It was magic. In the morning my labyrinth was covered in snow. In the afternoon it had appeared. It was the first day that felt like warmth in the air again, a warmth that stopped me, and willed me to stop and turn around in all directions to see from whence it had come. It was as if someone had broken into winter and with great stealth and in rich stillness, the earth reappeared. The solid ground was still there under the months of heavy snow cover. The sodden leaves strewn across the labyrinth spoke of the distant fall. The broken branches littering its circuits bore testimony of winter storms. Yet now the spiraling paths in the labyrinth were appearing again, the paths unchanged as I expected, yet NEW.

I hear anew each night the toll that the COVID19 virus is taking on the world. More deaths, more hospitalizations, more cases, more frustration, more anger to open up business again (busy-ness) again, more doubt, more grief. And each night I hear of more kindnesses; food deliveries, drive-by parties, donations of masks, medical personnel volunteering to return to work, artwork on sidewalks, donated online sessions of music and spiritual and social healing. A willingness to close down, to shelter in, to not fly, to stay 6 feet apart to save lives. All so new to a ways of life now, all part of what is here now.

The ground is soggy with the melt and the snow that still clings outside the edges of the labyrinth is mushy and soft, just like my heart these days. I pull on my breakup boots, feeling the ritual of that act that marks spring in Alaska. Stepping into the labyrinth, new questions arise as I walk the loopy spirals to the center. Do I risk getting the virus by staying in contact with my children and grandchildren? Or do I savor this time with them when they are out of school and wanting to be with me, even though it could possibly be the “death of me”? Am I afraid of death? Or afraid of the idea of it? Better safe than sorry? Or take care with good precautions and not let my life be run by fear? Is this a time to face the challenge of taking better care of self than of others? Yet isn’t this a time for love as its never been before in the world? Won’t I be protected and held? Aren’t I healthy enough to withstand the virus if it does come?

Amid the churning, churning, churning of these questions in my mind, there is something else here. A rising sense of being quiet comes as I walk and turn and wind to the center of this sacred path. It takes its time, it slowly reveals itself. It is a quiet that is greater than the questions or the fear or the doubt or confusion. It’s not the satisfaction of getting clear answers. It is simply stillness again.. as another way of being. The psalmist said it simply as “Be still and know that I am God.” As psalmist, I write,

You ask me to be still, O Beloved as the world weeps.

You ask me to trust when I cannot know if the virus will strike me down.

You ask me to be and not to do.

To stay home, go within, shelter myself, and simply be still.

That simple.

Be still.

I listen as you wish me spring,

as you bring me spring again.

It’s Time to Howl

I met a woman from Mill Valley, California last night online as part of a course I’m taking called Live the Sacred Blessings of the Women Mystics and Goddesses. After the teaching portion of the class, we were put into breakout rooms on Zoom. (seems to be a big part of my life now) As we were ending the session, she mentioned that she needed to go because at 8:00 it was time to go outside her door and howl. Taken aback, I said, “Did you say howl?” ‘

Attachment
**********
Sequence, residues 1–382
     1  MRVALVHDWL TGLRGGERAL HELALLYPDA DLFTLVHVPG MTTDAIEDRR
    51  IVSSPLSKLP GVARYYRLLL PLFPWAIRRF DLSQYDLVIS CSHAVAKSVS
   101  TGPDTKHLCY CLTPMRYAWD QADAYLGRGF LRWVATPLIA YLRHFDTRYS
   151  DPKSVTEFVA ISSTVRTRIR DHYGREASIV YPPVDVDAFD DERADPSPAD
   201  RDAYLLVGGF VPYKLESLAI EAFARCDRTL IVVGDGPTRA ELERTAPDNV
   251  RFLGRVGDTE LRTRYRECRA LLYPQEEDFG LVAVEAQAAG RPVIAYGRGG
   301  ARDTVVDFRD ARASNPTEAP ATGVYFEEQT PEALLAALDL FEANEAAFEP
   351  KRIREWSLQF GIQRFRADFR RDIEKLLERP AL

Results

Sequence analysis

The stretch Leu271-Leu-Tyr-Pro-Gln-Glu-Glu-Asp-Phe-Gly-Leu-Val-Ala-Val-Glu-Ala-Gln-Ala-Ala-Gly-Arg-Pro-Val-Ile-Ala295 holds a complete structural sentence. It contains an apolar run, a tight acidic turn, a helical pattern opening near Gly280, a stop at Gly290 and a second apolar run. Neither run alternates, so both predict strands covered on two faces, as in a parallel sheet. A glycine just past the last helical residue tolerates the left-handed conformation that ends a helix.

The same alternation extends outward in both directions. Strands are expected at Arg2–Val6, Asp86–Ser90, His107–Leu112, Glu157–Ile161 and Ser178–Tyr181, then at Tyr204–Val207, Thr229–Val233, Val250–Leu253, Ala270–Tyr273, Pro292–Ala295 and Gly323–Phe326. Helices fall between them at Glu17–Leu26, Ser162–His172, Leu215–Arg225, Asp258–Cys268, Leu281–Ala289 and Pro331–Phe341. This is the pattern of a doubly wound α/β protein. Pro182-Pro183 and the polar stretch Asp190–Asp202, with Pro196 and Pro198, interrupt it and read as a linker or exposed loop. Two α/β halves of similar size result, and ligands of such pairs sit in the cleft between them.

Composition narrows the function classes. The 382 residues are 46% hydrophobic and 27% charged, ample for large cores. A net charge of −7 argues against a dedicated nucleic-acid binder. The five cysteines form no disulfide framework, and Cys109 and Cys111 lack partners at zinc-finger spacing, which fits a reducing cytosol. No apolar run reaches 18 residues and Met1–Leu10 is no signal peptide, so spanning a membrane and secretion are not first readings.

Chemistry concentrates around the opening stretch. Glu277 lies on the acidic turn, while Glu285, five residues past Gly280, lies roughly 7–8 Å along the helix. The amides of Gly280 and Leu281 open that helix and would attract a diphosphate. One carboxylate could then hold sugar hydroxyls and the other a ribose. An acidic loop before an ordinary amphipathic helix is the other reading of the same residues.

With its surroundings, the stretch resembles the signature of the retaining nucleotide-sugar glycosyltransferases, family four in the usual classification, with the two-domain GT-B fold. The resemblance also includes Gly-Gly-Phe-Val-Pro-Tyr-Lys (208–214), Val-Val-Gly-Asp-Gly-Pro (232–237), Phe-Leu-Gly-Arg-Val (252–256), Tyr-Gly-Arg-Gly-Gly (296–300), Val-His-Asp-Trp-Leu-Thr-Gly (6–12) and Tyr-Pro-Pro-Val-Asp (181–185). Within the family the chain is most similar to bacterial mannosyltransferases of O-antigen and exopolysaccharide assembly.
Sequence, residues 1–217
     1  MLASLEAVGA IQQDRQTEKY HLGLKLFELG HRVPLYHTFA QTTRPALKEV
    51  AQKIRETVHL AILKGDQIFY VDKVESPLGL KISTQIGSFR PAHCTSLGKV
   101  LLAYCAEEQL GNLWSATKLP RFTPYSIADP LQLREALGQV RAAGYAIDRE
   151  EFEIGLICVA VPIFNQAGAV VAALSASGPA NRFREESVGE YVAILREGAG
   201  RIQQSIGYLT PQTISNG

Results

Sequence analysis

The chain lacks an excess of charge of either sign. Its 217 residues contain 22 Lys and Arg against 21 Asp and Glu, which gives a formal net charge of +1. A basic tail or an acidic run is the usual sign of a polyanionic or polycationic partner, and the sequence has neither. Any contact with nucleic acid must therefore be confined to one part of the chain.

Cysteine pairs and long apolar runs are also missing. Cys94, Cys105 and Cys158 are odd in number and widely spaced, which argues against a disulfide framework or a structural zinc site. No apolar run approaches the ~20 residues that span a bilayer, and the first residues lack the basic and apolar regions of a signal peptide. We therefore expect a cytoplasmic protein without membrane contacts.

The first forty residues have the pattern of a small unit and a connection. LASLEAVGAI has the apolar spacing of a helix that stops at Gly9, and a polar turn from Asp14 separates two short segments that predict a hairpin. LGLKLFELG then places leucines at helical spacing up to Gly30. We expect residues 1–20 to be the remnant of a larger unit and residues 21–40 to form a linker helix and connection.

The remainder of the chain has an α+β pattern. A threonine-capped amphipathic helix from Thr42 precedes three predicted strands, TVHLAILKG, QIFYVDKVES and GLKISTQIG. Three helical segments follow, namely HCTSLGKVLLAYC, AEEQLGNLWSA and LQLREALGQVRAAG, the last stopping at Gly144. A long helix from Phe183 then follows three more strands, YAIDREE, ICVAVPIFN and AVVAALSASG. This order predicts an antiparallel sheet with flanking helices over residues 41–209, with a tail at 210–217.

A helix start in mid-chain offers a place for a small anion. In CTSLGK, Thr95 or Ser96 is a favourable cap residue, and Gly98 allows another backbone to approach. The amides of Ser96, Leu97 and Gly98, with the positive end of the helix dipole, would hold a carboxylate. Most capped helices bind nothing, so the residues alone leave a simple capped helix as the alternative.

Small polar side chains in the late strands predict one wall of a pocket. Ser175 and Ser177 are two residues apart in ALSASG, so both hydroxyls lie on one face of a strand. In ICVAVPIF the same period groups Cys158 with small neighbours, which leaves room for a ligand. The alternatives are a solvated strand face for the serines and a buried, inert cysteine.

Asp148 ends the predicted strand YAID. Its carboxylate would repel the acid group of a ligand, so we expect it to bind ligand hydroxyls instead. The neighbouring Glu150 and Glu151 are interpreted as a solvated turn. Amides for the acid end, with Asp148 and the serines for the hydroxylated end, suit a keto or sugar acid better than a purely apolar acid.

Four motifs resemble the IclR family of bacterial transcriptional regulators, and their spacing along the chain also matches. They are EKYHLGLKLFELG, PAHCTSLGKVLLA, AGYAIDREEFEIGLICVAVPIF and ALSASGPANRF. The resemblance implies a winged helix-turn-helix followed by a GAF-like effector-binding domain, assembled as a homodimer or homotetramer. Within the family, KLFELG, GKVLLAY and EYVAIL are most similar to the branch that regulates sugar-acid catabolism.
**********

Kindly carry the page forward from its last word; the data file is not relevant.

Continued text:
“Yes,” she said. “The whole valley does it at 8:00. It just seems the time in our world to howl. Howl for anger, frustration, joy, connection, grief, or whatever comes up. We just go out and howl.”

I’ve been wanting to write something about this time in the life of the world right now as the pandemic has rearranged our routines, our assumptions, our awareness of mortality. But it seems so MUCH is being written and said. Yet this is what I want to put out into the world and put into my life. I just want to HOWL right now. I want to howl that people are dying alone; I want to howl that my fellow sojourners on this planet are without work. I want to howl that my best friend has metastatic cancer and the chemo isn’t working but I can’t sit by her bedside; I want to howl that my mom broke her hip and is confused with dementia and I can’t fly to be with her or enter the locked down rehab facility; I want to howl that my sister has pneumonia at a time this is more than dangerous for her to leave home; I want to howl that I have to check myself all the time when I see another person first as a possible carrier of a disease instead of a human being; I want to howl when I can’t see my grandkids because their mom works in a medical clinic. I want to howl at all that we just don’t know yet about this virus or how we should adequately respond.

And then…. I want to howl at the full knowing of how precious my family and friends are to me especially NOW when I can’t hug them and go to them. I want to howl at the beauty of the moon and all it teaches about light the darkness. I want to howl at the great space that has opened in my heart as I have this time to meditate and inquire and write and just be. I want to howl at the pussy willows just beginning to bud and the way my labyrinth is slowly appearing in my yard as the snow melts. I want to howl that I never felt so close to the chickadees in my bird feeder and how they too have never flown so close to me and landed by my chair. I want to howl at the mountains draped in white and the way Eagle River flows clear in the spring as the ice hangs on a foot thick on the banks.